Despite the fact that MAbs represent the fastest growing segment of the pharmaceutical market, there are currently no U.S. or EU-approved MAbs or FcFPs targeting what is considered the most important class of drug targets, the G protein-coupled receptors (GPCRs) [11]. Mogamulizumab, which targets the GPCR, CCR4, was just recently approved in Japan for treatment of relapsed or refractory adult T cell leukemia (ATL). GPCRs regulate nearly all physiologic processes in the body and are broadly considered to be druggable. MAbs against GPCRs are in development at many pharmaceutical companies worldwide for a diverse group of diseases, including cancer, diabetes, inflammatory conditions, and infectious diseases. Ion channels have also long been recognized as important drug targets, particularly for diseases of the central nervous system (CNS), yet there are no MAbs in development that target ion channels.

Delivering MAbs to the brain and other inaccessible tissues remains one of the major challenges for the biologics field. Recent studies show that bispecific antibodies and other novel approaches, however, may enable antibodies to cross the blood brain barrier (BBB) in sufficient quantities to produce a treatment effect [12], giving significant hope that one day we will be able to address neurological disorders better with MAb and FcFP therapeutics. Efforts are also underway to construct submicron particles of monoclonal antibodies for delivery as inhaled agents to the lungs for the treatment of diseases such as asthma, lung cancer, and respiratory syncytial virus infection [13].

Looking to the Future

Will MAbs and FcFPs realize their true potential and continue to expand their influence in pharmaceutical development? A recent analysis of therapeutic MAbs and FcFPs (Table 2; from Ref [2]) summarizes the strengths, weaknesses, opportunities, and threats that will help answer this question. For new drugs to succeed in both the marketplace and the clinic, they must be truly innovative and efficient. Competition is stiff, driving companies to strive for first-in-class or best-in-class molecules. Since the successful companies in this market have all demonstrated capabilities that ensure optimization of potency, specificity, dosing frequency and route of administration, and safety, the challenge will be for these companies to generate differentiated molecules with unique properties. Drugs that provide incremental benefits will be increasingly difficult, if not impossible, to develop for commercial success given regulatory requirements and third-party-payor demands that drugs show not only statistical, but clinically meaningful, improvement over the standard of care. Yet recent history shows that even this high bar can be hurdled. Ustekinumab, a first-in-class MAb that targets the cytokines interleukins 12 and 23, was shown in pivotal trials not only to markedly improve the symptoms of psoriasis but improve quality of life [14]. Ustekinumab won regulatory approval in both the U.S. and Europe in 2009 and is covered by most insurers, who recognize that not only it is innovative and effective, having demonstrated superior efficacy to etanercept in the first ever head-to-head trial for a biologic in the category, but with psoriasis affecting over 100 million people worldwide, it addresses an important unmet medical need.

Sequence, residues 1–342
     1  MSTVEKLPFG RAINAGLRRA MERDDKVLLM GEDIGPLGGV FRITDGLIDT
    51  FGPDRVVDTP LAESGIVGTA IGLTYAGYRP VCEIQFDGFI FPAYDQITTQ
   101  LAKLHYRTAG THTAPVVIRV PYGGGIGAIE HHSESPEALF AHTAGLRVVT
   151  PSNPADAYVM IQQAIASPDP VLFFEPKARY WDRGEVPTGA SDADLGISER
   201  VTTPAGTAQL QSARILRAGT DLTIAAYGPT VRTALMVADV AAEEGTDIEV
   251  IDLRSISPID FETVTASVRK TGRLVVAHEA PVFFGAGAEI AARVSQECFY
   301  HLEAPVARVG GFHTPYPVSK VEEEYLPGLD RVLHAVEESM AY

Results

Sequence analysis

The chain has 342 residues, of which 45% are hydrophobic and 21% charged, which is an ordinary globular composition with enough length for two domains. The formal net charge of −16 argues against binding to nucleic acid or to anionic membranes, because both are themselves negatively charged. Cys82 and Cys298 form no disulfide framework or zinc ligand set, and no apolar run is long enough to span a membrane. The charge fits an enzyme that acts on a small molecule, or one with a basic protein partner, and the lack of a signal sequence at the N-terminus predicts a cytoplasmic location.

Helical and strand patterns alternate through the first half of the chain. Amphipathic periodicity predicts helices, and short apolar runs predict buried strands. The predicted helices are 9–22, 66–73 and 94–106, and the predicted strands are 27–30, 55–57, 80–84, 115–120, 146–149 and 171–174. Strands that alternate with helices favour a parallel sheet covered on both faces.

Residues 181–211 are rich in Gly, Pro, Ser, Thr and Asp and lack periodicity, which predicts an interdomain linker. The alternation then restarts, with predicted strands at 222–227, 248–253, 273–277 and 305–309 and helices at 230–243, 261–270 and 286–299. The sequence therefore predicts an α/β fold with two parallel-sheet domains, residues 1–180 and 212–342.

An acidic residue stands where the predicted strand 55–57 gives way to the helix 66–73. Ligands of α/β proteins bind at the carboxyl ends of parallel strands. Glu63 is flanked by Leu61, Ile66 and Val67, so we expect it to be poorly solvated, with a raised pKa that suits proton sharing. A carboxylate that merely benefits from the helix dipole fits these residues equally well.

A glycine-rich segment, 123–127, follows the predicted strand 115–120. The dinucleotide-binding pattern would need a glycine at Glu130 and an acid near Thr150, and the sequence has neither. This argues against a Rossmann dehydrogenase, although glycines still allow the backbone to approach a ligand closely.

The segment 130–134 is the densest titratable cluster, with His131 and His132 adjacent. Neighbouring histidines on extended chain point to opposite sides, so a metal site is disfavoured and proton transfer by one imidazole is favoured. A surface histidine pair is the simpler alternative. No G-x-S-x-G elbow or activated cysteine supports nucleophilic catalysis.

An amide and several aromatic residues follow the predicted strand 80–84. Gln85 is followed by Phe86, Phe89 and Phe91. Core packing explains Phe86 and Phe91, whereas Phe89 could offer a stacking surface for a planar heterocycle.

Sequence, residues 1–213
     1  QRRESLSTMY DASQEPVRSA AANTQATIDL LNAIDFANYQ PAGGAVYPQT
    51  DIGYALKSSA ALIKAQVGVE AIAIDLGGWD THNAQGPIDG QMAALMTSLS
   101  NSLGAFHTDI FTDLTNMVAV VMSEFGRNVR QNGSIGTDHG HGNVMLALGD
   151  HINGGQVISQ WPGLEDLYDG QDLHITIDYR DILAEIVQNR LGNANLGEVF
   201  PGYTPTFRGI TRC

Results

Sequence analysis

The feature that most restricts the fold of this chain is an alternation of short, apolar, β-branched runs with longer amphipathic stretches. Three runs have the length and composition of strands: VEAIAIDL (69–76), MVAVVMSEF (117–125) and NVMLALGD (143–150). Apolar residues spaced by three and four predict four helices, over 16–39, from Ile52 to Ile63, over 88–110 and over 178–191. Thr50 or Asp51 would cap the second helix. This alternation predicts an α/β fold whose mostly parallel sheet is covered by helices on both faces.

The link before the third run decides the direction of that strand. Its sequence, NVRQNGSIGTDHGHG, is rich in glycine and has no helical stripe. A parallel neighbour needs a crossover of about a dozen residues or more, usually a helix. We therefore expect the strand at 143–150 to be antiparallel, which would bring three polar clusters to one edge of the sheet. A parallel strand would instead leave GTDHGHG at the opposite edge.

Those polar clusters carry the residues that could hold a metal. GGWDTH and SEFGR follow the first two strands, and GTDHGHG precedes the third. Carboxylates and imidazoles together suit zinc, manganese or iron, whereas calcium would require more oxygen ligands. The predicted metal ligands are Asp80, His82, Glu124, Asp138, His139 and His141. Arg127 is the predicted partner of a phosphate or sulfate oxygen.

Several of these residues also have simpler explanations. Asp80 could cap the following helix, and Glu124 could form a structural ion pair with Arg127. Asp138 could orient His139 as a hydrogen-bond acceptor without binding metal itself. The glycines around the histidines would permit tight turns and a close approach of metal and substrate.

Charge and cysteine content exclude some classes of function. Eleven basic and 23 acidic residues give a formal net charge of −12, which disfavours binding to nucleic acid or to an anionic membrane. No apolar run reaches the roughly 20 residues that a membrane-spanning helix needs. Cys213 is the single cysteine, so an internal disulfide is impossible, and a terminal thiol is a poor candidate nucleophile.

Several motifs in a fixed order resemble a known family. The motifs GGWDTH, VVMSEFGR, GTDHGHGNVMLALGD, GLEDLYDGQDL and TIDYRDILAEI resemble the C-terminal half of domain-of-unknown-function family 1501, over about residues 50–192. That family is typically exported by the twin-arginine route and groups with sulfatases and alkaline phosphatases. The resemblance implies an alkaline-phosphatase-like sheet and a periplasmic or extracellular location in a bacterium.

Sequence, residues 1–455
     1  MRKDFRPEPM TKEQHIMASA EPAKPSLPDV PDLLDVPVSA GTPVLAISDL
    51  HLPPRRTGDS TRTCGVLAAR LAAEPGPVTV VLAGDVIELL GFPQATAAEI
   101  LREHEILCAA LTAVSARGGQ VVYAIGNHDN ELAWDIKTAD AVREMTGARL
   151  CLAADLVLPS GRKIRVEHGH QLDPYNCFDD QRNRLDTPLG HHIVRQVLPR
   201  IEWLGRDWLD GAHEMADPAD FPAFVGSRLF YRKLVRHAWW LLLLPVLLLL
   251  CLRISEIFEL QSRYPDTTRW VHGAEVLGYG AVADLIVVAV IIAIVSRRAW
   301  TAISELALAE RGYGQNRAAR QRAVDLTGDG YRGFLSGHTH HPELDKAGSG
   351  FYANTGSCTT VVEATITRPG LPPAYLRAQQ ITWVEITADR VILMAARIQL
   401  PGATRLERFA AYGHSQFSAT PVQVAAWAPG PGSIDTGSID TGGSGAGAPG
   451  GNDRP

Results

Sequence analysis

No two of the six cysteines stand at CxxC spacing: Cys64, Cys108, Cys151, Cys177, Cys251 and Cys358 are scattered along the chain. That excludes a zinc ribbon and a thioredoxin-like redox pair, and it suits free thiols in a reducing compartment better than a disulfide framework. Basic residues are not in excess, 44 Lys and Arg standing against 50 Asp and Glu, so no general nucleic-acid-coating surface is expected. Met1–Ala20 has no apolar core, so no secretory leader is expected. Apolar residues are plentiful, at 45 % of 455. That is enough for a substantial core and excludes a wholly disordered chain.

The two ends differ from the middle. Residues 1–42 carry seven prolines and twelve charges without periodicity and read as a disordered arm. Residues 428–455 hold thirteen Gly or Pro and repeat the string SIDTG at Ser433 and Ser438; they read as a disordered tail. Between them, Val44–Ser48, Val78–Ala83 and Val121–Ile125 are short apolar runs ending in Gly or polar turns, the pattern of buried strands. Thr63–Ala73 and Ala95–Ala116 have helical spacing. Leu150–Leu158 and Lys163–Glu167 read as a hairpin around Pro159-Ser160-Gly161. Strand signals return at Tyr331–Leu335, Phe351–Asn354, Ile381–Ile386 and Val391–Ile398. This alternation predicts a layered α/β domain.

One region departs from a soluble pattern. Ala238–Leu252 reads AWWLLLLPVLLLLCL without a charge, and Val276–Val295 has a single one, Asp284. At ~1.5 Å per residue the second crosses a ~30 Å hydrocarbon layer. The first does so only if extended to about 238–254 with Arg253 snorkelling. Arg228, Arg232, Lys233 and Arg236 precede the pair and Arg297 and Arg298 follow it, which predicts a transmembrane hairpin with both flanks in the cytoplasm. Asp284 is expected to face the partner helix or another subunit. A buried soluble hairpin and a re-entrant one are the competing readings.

Just 15 years ago, the first MAbs and FcFPs were making their way onto the commercial market, and the entire industry watched and wondered if they were going to be a bust or boom. It is safe to say, 15 years later, that not only are therapeutic MAbs and FcFPs successful beyond what most people might have imagined in 1998, but that they will continue to be discovered and developed as great drugs targeting a wide variety of unmet medical needs. Our hope is that in another 15 years, hundreds of MAbs and FcFPs will be approved to help patients the world over in ways that we can only imagine today.

About the Author

Dr. William Strohl received his doctorate degree in microbiology and biochemistry from Louisiana State University. From 1980 to 1997, he rose from assistant to full professor in microbiology and biochemistry at the Ohio State University, where he focused on research in natural product biosynthesis. Dr. Strohl then joined Merck & Co. in 1997 where he led research in natural products microbiology, before focusing on antibody discovery. Most recently, he joined the Janssen Research & Development, LLC, organization to lead antibody drug discovery, and he currently serves as the Vice President of Biologics Research at the Biotechnology Center of Excellence within Janssen R&D. During his career, Dr. Strohl has more than 120 publications to his credit, secured several patents, edited two books, and recently published a book on therapeutic antibody engineering.